By Greg Slabodkin
There is a ransomware epidemic spreading across the health care industry, encrypting computer files and holding health data hostage in return for ransom. Other industries are vulnerable to this file-encrypting malware, but hospitals, in particular, are being targeted by cybercriminals.
Earlier this month, the WannaCry ransomware compromised more than 300,000 computers worldwide in at least 150 countries, paralyzing computer systems at medical facilities throughout the United Kingdom. Likewise, a devastating April 9 ransomware attack on the Erie County Medical Center brought home to Western New York this growing cyberthreat.
The ransomware variant that hit ECMC last month is not linked to the malware variant that hit health care organizations globally. However, the CEO of GreyCastle Security, the firm the hospital hired to help restore ECMC’s systems, has called the Buffalo hospital’s incident “one of the largest attacks in history.”
The attack on ECMC was so devastating that it took weeks for the 602-bed hospital to return its information systems to operation. Now, more than six weeks after the incident, the hospital’s systems are still not fully operational. ECMC officials insist that at no time were medical records compromised or was patient care or safety put at risk.
To its credit, ECMC made the decision not to pay the ransom demanded by cybercriminals. Still, holding valuable health data hostage with ransomware, cybercriminals have created a lucrative market for personal information that is even more profitable than other malware. The question confronting the health care industry is: to pay or not to pay the ransom?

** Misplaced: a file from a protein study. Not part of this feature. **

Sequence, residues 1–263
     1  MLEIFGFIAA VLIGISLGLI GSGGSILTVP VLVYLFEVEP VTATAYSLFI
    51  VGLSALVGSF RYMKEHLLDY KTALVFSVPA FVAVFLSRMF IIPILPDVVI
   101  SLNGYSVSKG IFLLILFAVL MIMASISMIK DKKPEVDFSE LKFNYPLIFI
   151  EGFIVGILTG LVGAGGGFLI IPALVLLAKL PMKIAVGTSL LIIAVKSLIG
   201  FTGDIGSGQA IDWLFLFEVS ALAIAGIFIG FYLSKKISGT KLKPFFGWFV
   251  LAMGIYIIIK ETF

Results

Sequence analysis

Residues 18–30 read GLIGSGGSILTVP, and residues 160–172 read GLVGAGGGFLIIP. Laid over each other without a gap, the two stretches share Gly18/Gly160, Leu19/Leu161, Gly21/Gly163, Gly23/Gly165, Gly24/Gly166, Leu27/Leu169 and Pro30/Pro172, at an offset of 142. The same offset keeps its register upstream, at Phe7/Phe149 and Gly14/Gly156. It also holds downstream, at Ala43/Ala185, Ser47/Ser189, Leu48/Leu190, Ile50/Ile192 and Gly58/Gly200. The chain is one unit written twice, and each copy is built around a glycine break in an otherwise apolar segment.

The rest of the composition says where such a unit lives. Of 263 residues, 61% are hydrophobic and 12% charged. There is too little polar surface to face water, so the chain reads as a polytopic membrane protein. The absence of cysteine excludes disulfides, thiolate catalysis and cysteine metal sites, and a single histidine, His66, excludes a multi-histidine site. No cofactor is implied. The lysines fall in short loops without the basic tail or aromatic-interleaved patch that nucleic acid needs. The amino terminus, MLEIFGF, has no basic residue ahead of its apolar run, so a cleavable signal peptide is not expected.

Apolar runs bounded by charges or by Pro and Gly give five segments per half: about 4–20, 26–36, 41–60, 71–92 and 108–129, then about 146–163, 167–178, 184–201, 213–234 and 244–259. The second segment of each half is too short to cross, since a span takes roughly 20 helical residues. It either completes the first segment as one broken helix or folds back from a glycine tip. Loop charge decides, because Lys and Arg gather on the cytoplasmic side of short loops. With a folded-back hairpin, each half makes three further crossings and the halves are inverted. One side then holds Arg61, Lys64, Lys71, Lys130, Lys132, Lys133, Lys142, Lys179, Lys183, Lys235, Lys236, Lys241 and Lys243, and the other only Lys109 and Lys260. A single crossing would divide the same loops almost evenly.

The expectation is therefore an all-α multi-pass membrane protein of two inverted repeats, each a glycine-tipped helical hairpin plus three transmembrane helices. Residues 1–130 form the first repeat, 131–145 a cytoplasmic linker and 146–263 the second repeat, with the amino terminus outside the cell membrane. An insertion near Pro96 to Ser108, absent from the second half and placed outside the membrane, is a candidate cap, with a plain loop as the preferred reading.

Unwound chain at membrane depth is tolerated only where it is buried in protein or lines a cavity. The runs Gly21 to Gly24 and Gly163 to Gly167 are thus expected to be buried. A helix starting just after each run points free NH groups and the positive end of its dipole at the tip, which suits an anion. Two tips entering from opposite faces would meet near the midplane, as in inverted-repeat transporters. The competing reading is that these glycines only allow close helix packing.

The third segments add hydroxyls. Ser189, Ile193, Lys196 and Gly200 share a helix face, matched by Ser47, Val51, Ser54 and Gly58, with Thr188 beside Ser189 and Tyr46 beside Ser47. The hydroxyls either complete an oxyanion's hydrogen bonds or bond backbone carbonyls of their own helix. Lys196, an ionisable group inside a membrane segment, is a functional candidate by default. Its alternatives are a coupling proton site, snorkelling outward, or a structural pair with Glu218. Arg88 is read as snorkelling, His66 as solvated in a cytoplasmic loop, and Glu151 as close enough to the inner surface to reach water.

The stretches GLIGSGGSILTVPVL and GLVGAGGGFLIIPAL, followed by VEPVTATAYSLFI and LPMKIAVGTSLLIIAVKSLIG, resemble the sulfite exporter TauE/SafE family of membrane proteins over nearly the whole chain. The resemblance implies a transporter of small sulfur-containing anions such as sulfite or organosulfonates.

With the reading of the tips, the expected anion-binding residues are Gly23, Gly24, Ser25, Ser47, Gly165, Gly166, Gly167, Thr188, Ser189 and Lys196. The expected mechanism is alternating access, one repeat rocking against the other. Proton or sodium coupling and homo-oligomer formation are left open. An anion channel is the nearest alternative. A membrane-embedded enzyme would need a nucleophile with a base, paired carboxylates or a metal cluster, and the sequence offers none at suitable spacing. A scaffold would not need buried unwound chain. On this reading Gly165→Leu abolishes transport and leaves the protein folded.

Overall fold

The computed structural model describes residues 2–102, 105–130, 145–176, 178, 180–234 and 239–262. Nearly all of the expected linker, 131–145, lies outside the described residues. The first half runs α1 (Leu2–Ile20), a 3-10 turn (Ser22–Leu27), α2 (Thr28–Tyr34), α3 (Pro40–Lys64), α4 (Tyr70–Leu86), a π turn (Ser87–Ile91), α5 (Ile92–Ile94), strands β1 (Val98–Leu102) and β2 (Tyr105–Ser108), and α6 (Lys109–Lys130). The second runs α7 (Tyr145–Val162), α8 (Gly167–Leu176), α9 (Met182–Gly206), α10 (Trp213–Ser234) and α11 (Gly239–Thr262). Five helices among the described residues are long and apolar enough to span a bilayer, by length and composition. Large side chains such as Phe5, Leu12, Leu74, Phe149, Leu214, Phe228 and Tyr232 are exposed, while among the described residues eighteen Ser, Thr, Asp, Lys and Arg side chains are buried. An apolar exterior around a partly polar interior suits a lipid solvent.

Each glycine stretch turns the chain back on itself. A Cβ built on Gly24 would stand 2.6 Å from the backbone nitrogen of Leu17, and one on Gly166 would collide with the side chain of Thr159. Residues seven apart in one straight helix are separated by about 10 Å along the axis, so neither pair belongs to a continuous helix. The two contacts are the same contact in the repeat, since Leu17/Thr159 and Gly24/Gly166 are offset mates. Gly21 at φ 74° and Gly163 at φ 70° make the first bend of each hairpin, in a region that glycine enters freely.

The stakes are high for health care organizations hit by ransomware, with data for thousands of patients potentially gone forever. The loss of that information could be devastating not only for the organizations involved but for the individuals whose lives are in their care. “You take their data away and it literally threatens lives, patient safety, and patient care, so they are much more likely to pay a ransom,” said GreyCastle Security CEO Reg Harnish.
In fact, hundreds of millions of dollars have been paid quietly, despite the fact that there’s no guarantee that once health care organizations pay the ransom that they will actually get their data back. These are, after all, criminals.
Health care as an industry needs to make the decision not to give into the demands of cybercriminals.
A “no concessions” policy with regard to data hostage-takers is the most sensible approach for protecting health information from the threats of ransomware. Only through a united front against ransomware will there be a chance of dissuading this kind of criminal activity.
Nonetheless, given the inherent value of patient records, the ransomware epidemic will unfortunately continue to ravage health care, unless and until cybercriminals no longer have the financial incentive for taking data hostage in the first place.
Greg Slabodkin, of Buffalo, is managing editor of the online trade publication Health Data Management.